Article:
Nevermind, figured it out: :noremap j 3j :noremap k 3k
Private browsing mode on Firefox is initiated with CtrlShiftP. When using vimperator, the key i can be used to instruct vimperator to ignore the next key press and to pass it directly along to the browser. Thus to achieve what you asked, press i CtrlShiftP. Note, that i only ignores the key press that directly follows. If you want vimperator to ignore ...
EDIT: You need to use this command :set defsearch=[search engine name] and not the one I suggested earlier. Enter :dialog searchengines and a a Dialogue box will pop up with a list of available search engines. Select the one you want and press Okay.
This is a related message from mailing list. Shortly: you can place it in "C:\Documents and Settings\[user name]" for WinXP or "C:\Users\[user name]" for Vista and it should work. It is not created automatically so you'll probably need to create it by yourself. It is named exactly ".vimperatorrc": notice the starting dot and absence of file extension.
Just want to add that that mapping (for opening gvim for textarea editing) is ctrl-i. Annoying that I need 50 rep. to comment on posts.
If you use google bookmarks as online bookmarks storage service then gmarks is fundamental. With the following mapping in your .vimperatorrc file: map gb :emenu GMarks.Add/Edit Bookmark<CR> pressing gb opens the add/edit bookmark dialog of the gmarks addon, where you can set the title, labels and notes of the bookmark. The :emenu command can be ...
I like the It's All Text! addon which allows you to use any text editor (Vim works great) to edit text on forms, instead of the anemic little <textarea> editor that the browser offers by default.
It's not a technical comparison but as a user I can see one difference: With Pentadactyl you are always on the previous version of Firefox (or maybe previous--).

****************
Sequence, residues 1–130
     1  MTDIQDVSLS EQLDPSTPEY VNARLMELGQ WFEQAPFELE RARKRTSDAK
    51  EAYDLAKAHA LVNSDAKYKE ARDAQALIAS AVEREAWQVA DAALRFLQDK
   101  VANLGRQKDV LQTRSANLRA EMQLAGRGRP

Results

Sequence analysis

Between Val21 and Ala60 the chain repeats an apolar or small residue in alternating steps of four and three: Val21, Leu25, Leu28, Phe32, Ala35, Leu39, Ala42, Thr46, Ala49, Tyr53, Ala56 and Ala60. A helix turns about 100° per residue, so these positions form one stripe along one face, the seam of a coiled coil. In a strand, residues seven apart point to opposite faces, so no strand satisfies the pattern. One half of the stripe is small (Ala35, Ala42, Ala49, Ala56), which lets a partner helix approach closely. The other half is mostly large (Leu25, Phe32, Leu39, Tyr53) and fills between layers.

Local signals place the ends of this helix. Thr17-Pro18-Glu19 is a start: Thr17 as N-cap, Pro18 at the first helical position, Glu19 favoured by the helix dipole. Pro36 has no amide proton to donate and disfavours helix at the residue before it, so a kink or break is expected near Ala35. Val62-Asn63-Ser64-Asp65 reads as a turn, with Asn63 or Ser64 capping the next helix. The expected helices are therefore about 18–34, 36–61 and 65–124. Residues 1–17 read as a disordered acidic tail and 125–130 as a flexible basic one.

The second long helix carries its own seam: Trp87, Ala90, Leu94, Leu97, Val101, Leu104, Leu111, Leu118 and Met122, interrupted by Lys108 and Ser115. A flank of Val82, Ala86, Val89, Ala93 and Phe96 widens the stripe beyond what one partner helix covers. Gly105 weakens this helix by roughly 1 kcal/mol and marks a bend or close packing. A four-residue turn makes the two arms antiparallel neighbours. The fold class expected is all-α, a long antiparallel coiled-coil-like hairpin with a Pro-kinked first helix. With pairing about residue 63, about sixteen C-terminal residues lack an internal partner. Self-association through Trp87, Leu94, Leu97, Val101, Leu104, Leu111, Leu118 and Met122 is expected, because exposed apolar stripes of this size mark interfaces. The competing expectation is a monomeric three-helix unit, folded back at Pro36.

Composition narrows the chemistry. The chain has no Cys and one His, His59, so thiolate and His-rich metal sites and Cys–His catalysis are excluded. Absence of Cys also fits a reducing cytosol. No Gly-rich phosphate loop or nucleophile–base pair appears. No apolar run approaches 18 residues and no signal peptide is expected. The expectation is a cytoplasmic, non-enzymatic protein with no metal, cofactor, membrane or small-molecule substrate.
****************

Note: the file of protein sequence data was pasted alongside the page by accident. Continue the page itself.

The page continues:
I knew :open behaves essentially like a google search box, but what bothered me was the absence of the auto-suggestions list. Well, it turns out that set wildoptions=auto turns it on, so with that in mind, here's my workaround: set wildoptions=auto noremap <C-k> :open inoremap <C-k> <Esc>:open cnoremap <C-k> <Esc>:open
Press (shift)TAB to cycle through them.
With vimperator enabled, typing i+CTRL+f will bring up the find bar. And it's also easy to close it. Try this command: :js document.getElementById("FindToolbar").close(); Or create a map: (Add the bellow lines to '~/.vimperatorrc') noremap <c-s-f> :js document.getElementById("FindToolbar").close();<cr> inoremap <c-s-f> <esc>:js ...
Press Ctrl + Shift + J to open the console. Enter the following into the console and press Enter: document.body.contentEditable=true Now you get a cursor and can even edit the whole page.
First you would need to output the filename and paths of the files that contain the matched text your looking for: ack -ail "my text" a = all files i = insensitive case l = output only filesname paths You combine that line with the following shell expansion script: vim -O $(ack -ial "my text") O = open files in a split window view. or E = open files ...
:emenu View.Page Style.No Style
;y You need to press ; to enter "extended hints mode", and then y to "yank".
Here's the link to the relevant Vimperator documentation page, which explains it pretty well: http://vimperator.org/help/vimperator/map.xhtml Keys can be mapped in four distinct modes: Normal mode: When browsing normally Visual mode: When selecting text with the cursor keys Insert mode: When interacting with text fields on a website ...
This is what finally worked for me in Windows 7 after trying TONS of different escaping possibilities. Turns out you need / for the path separator, and \\ before a space: set editor="C:/Program\\ Files\\ (x86)/Vim/vim73/gvim.exe"